By the latter half of the next decade, though, colleges are facing what some are calling a “demographic cliff” – a sharp drop-off in the number of college-aged students resulting from reduced birth rates around the time of the financial collapse of 2008-09. Experts warn that the colleges most at risk will be small, private institutions in rural areas of the Northeast and Midwest – especially those that, like the three local colleges preparing to close, have small endowments and depend heavily on tuition for their operating revenue.

But some say there is still a vital need for smaller, non-elite colleges like the ones that are closing, and alumni, parents and others have launched last-ditch fund-raising efforts in an effort to save both Green Mountain and Southern Vermont.


Green Mountain College Joan K. Lentini photoThe green college
Green Mountain College faces the west end of Main Street in the village of Poultney, along the New York border about 20 miles southwest of Rutland. Founded in 1834 by the Methodist Church, it went through several changes of name and mission before it became a junior college for women. It switched to a co-ed, four-year school in 1975, amid another era of college closings.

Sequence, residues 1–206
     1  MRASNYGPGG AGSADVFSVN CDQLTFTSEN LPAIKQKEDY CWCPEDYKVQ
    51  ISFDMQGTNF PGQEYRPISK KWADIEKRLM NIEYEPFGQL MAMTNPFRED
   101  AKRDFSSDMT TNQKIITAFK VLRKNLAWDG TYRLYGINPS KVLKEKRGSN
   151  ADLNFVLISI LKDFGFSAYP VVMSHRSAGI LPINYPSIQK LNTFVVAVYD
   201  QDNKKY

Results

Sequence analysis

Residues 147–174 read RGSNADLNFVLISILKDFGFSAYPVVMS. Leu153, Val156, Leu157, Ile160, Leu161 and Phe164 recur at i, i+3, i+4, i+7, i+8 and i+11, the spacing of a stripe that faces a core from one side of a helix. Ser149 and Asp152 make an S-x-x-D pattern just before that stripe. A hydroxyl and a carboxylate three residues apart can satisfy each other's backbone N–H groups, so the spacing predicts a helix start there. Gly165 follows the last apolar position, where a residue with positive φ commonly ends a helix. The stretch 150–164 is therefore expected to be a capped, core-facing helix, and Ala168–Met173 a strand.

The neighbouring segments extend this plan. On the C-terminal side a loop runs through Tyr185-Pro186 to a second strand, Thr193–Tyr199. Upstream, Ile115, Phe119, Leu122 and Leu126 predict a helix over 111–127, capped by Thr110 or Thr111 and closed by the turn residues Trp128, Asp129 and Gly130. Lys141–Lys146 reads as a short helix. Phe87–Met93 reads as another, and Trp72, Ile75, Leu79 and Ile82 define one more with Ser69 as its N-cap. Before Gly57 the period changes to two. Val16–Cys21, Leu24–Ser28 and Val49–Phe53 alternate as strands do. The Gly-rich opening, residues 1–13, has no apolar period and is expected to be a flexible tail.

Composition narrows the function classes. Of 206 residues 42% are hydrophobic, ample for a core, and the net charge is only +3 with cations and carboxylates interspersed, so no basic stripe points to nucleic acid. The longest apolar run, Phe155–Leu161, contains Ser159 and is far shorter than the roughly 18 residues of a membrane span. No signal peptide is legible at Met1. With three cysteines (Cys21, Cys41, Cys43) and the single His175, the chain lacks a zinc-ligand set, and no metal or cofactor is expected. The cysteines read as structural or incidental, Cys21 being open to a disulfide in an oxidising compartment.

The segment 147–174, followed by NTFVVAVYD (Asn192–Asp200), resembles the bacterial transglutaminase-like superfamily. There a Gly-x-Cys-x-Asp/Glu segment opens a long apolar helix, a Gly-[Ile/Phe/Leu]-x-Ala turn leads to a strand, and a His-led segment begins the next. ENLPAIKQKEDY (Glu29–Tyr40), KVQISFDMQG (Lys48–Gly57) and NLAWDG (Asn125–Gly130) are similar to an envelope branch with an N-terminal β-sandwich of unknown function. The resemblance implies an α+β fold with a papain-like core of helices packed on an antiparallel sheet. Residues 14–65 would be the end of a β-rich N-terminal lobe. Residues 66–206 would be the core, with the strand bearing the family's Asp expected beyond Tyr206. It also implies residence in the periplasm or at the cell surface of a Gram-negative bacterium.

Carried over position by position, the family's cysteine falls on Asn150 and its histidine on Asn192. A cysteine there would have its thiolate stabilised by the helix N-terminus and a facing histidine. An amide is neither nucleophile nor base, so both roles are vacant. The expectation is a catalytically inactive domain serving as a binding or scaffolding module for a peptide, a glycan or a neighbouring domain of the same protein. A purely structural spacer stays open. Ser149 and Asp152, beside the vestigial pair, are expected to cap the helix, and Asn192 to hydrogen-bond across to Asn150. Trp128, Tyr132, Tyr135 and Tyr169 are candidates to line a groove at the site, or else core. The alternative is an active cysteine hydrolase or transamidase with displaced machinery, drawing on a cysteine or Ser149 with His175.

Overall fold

In 1995, Green Mountain set its focus on what it called environmental liberal arts, emphasizing sustainability in energy, agriculture and public policy. It also offered training for hotel and resort management as well as traditional liberal arts subjects.

The college has consistently won national recognition for its efforts to train the next generation of environmental advocates and create a green campus. In 2012, encouraged by students, Green Mountain set a goal of running its campus completely on renewable energy by 2020.
In 2006, the college launched five online degree programs, a common strategy for schools to increase revenue without having to make a substantial capital investment. This year, it had about 450 undergraduate students on campus and 280 others, nearly all of them graduate students, enrolled online.

But its president, Robert W. Allen, has said it needs 600 tuition-paying undergraduates just to cover its operating costs. The college has 40 full-time faculty members and a total staff of about 150. With its current enrollment, which has been falling for the past six years, the college has an annual operating deficit of about $5 million.